Give Peace a Chance
When people ask if they can do anything, say yes, and be specific.
The following advice from savvy moms and experts can help you make it through the holidays with ease.
Merely taking a shower doesn’t qualify. Go for a walk, soak in a tub or take 10 minutes to do yoga. Or go whole hog, if you can: “I went to a day spa for a full massage and spent some time relaxing in the steam room, sauna and hot tub,” Igoe says.
Taking care of yourself can be as simple as letting family or friends help you. “I just sat in my rocking chair with my baby in my lap and allowed myself to be a queen,” says Veronica Gotway, a 28-year-old office manager from Dallas who arrived home from the hospital two days before Christmas with her second child, now 3. “My mother and mother-in-law did all of the cooking and cleaning for Christmas. All I had to worry about was feeding the baby every two hours.”
Ask For What You Need
In lieu of typical new-baby or holiday gifts (do you really want another fruitcake?), be creative and consider asking for items or services that you really need. “I liked to tell people that their entry fee for seeing our new baby was a casserole,” says Robert Sears, M.D., a pediatrician in San Clemente, Calif., and father of three.
When people ask if they can do anything, say yes, and be specific. “A co-worker hired a cleaning woman to come over just before Christmas to clean our house,’’ says Chris Schellpfeffer, 36, an account supervisor who lives in Sun Prairie, Wis., with her husband and 1-year-old son.
Gifts that encourage self-indulgence can be particularly helpful. “My husband bought me one of those foot baths so I could soak my feet at night after taking care of the baby all day,” Gotway says.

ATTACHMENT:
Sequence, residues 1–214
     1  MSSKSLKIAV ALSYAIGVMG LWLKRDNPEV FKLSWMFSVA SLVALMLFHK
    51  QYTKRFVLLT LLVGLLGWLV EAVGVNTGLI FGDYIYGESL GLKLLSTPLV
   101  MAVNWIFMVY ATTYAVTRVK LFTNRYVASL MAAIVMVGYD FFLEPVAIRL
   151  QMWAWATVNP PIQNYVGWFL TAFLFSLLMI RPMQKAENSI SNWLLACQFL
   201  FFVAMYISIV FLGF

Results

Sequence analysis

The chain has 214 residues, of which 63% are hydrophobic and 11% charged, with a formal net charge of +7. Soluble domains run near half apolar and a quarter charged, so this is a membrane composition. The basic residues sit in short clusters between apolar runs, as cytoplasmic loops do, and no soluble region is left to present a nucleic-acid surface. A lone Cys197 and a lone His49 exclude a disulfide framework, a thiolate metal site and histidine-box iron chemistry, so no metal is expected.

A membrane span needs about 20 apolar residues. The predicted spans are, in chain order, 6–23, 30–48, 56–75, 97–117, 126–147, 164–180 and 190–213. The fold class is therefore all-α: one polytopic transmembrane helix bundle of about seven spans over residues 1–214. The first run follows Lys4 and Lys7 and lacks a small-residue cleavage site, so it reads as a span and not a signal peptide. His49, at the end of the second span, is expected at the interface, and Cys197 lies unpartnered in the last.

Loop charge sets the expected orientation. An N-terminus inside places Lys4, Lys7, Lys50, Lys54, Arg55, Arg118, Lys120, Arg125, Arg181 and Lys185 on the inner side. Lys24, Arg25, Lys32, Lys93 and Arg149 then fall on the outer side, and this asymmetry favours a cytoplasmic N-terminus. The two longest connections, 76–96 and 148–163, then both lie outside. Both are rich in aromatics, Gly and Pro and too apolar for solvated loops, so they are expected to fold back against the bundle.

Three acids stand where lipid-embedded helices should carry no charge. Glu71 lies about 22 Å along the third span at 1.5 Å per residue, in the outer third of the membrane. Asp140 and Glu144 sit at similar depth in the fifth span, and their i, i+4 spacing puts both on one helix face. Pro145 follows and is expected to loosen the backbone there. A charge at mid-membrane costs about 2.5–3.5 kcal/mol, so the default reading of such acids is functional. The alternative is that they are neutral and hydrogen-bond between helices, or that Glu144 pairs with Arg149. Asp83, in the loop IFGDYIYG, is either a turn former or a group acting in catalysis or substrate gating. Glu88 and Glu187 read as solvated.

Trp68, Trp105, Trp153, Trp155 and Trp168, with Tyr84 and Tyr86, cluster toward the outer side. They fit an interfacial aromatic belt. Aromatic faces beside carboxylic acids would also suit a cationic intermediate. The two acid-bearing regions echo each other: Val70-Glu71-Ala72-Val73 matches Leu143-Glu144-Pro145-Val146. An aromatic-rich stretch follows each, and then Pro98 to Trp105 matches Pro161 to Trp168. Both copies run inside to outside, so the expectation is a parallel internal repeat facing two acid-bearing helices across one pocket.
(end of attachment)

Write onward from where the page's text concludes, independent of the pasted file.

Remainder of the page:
If you must travel with your new baby, it will surely go more smoothly if you prepare in advance. Bring diapers, a first-aid kit and an extra change of clothes for your baby and yourself. If you’re flying, carrying the baby in a front carrier or sling will leave your hands free to deal with a carry-on bag and tickets.
If traveling by car, you may want to bring a hand-held breast pump to squirrel away milk in the cooler for those times when you need to feed the baby with a bottle. For instance, you should never take your baby out of his car seat and nurse while the car is moving; this is extremely unsafe. Sit next to him and give him a bottle instead.
Keep Your Baby Healthy
“Taking a baby outside during the winter will not make him sick,” Sears says. “Sick people will make him sick.” This is why it’s a good idea to avoid crowded, closed-in places.
Sears also advises parents to ask people to wash their hands before holding the baby. And keep the baby away from sick kids, if possible. “Don’t get close to toddlers with runny noses,” he says.
While individual pediatricians may differ regarding whether to keep a newborn at home—and, if so, for how long—the American Academy of Pediatrics recommends that parents do take their babies out for fresh air, weather permitting, during the first month.